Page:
All photos from this trip can be found here.
There was ample parking at the Excelsior Pass Trailhead off Highway 542 as we were the only ones there. I was a little concerned about snow conditions in higher elevation since it was already warm with our usual post 9 AM late start. This being the grizzly country, I armed myself with bear spray and bear bells, with pups on leash by my side the entire time until we were well above the tree line.
Trail was nicely maintained with long switchbacks to offset the elevation gain, so I could see it being a day hikers paradise in the summer. Snow patches started showing up around 3800′ and trail was fully covered just past the switchback. Since I was already punching through, I decided to put on snowshoes at 3840′ and followed some faint tracks up to the clearing before heading back into the forest for firmer snow. There I was able to go straight up on good snow and bypass summer trail, which I had stopped trying to follow at some point. Snowshoes were very much needed on this trip as the snow was melting out fast with the warm weather.
Over the next thousand feet of elevation gain I saw more faint tracks left by different groups heading in various directions. It was easier to just make my own track while meandering through moderate to steep terrain until we were out of the trees at 5000′, just about where summer trail would normally veer left toward Excelsior Pass. Pups and I stayed straight and attained south shoulder of Excelsior Peak at 5400′ and took the steep south slopes to the summit instead. Up until this point, since we were mostly in the forest
there hadn’t been much to see. So when the dominating views of Mount Baker and Mount Shuksan began to play out above the tree line, I couldn’t help but to make many frequent stops for photos as we made our way up the last 300 feet to the top.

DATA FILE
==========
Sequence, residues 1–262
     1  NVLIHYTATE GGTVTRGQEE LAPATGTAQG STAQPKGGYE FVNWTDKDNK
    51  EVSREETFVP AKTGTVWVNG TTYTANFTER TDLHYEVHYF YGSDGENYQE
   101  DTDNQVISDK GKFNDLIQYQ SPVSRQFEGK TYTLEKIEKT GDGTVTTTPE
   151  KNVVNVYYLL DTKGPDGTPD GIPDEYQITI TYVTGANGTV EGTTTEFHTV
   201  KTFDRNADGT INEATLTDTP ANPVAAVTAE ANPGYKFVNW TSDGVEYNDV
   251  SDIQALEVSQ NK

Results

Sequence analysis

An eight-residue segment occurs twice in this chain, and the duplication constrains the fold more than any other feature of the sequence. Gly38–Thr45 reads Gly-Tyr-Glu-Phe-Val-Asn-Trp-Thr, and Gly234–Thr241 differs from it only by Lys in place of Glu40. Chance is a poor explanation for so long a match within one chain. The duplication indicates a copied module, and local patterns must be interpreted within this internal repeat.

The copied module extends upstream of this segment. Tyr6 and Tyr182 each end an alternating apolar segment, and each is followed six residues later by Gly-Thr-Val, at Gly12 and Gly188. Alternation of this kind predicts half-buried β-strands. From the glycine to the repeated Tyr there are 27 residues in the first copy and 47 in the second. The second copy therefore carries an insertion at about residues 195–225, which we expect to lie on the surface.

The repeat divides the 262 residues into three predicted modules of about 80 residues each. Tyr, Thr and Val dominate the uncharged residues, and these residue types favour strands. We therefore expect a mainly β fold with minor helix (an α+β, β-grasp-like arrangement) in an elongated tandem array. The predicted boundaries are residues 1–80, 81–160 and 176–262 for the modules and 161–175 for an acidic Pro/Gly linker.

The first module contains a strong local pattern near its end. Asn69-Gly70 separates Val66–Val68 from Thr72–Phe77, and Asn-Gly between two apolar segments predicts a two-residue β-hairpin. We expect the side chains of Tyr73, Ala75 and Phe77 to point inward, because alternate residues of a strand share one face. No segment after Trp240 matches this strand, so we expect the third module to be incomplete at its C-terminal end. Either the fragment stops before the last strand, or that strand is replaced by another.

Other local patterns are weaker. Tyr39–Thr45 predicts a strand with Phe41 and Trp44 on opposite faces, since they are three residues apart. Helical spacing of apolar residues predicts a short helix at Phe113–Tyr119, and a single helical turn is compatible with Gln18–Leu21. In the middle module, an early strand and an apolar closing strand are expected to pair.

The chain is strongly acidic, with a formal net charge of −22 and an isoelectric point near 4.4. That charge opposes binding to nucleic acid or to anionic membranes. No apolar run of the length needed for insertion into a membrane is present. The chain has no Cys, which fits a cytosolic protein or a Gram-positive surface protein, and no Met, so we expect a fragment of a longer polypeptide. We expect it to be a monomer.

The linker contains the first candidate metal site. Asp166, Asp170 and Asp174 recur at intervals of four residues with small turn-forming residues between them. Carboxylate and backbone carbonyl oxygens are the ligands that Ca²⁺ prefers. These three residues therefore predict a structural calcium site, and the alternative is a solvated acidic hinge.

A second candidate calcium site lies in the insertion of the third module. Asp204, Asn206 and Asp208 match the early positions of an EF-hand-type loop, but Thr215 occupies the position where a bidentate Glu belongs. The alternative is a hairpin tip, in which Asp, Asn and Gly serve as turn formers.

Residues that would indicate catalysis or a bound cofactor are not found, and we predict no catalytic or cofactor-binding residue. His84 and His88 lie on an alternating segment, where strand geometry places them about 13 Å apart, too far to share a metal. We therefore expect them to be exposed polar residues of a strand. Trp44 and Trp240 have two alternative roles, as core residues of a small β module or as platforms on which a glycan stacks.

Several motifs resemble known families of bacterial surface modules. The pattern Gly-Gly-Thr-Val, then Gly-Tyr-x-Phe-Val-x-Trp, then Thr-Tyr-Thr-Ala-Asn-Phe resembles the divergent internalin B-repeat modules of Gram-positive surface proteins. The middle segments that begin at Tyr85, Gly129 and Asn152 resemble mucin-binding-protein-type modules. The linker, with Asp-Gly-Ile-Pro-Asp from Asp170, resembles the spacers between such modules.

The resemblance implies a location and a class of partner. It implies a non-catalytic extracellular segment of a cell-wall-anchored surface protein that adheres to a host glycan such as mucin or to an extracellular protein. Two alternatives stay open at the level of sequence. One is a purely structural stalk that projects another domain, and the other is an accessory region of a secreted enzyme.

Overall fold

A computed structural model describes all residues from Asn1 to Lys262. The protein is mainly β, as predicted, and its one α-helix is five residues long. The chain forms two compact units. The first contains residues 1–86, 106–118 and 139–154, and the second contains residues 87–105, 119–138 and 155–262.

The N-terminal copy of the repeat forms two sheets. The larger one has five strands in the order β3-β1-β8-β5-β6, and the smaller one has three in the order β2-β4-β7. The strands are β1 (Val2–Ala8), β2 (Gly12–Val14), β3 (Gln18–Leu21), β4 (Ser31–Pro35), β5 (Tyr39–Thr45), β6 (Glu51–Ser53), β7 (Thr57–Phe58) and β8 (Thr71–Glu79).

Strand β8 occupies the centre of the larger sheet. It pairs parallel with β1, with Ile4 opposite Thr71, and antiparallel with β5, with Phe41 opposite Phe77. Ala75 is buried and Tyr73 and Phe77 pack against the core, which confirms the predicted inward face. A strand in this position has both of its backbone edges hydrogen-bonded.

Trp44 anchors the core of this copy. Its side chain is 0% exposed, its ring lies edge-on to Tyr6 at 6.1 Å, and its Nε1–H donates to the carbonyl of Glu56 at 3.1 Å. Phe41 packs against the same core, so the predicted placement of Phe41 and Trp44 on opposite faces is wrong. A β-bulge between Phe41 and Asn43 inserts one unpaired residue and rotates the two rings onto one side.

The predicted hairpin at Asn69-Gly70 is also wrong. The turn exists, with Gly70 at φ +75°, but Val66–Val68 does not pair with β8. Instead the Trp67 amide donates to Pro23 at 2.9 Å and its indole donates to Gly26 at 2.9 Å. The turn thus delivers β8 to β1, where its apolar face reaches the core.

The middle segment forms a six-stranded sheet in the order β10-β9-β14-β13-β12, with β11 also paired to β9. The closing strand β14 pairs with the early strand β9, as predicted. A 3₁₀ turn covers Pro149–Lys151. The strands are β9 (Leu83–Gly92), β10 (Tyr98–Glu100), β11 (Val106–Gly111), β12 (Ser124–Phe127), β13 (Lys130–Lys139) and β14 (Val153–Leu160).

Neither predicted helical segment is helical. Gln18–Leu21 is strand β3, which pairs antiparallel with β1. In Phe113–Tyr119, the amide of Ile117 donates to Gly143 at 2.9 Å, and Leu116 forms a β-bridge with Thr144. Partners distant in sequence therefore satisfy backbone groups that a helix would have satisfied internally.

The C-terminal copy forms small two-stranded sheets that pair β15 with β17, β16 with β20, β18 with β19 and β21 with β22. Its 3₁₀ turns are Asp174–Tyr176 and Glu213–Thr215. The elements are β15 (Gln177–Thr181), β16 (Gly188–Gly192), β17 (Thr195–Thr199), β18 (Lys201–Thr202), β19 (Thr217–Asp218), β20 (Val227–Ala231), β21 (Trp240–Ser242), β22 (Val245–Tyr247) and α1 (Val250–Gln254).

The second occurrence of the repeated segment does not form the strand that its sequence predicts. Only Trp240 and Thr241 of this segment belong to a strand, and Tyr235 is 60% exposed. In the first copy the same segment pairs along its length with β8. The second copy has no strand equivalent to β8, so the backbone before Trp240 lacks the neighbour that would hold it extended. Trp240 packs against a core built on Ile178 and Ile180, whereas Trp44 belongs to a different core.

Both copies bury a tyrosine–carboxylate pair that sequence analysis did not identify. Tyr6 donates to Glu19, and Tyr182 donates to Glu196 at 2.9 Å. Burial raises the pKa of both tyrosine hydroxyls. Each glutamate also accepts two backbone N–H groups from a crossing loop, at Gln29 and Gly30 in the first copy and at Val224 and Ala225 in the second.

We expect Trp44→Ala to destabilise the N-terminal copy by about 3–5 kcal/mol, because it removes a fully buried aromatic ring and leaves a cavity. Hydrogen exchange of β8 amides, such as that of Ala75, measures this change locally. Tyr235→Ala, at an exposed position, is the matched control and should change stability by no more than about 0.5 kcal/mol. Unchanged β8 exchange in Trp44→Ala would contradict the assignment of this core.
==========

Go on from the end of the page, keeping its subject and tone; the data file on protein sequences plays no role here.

Summit was treeless and with all-around breathtaking views, not only to the south and east, but also views of Canadian mountains north of the border, which was only under five miles away. Seeing that it was still early, I decided to take a side trip and trek a little over a mile to Peak 5930 on the east to get a closer look at the eastern peaks. We stayed on the ridge most of the time alongside snowmobile tracks, and occasionally went back into trees when cornices were spotted. There were lots trees on the summit, so to get a clear view we traversed all the way to the east end just as the the elevation began to drop. Views there just as impressive and I got a closer look of many of my bucket list peaks.
On the way back we followed our tracks to just before the saddle east of Excelsior Peak and then dropped into the basin while staying high enough to reconnect with our tracks back on the south shoulder. It had gotten pretty hot by now, surprisingly it wasn’t too terribly annoying to snowshoe in albeit slushy. Back in the forest I noticed boot prints in my snowshoe tracks, looked like the person had turned around from postholing
too much and too deep.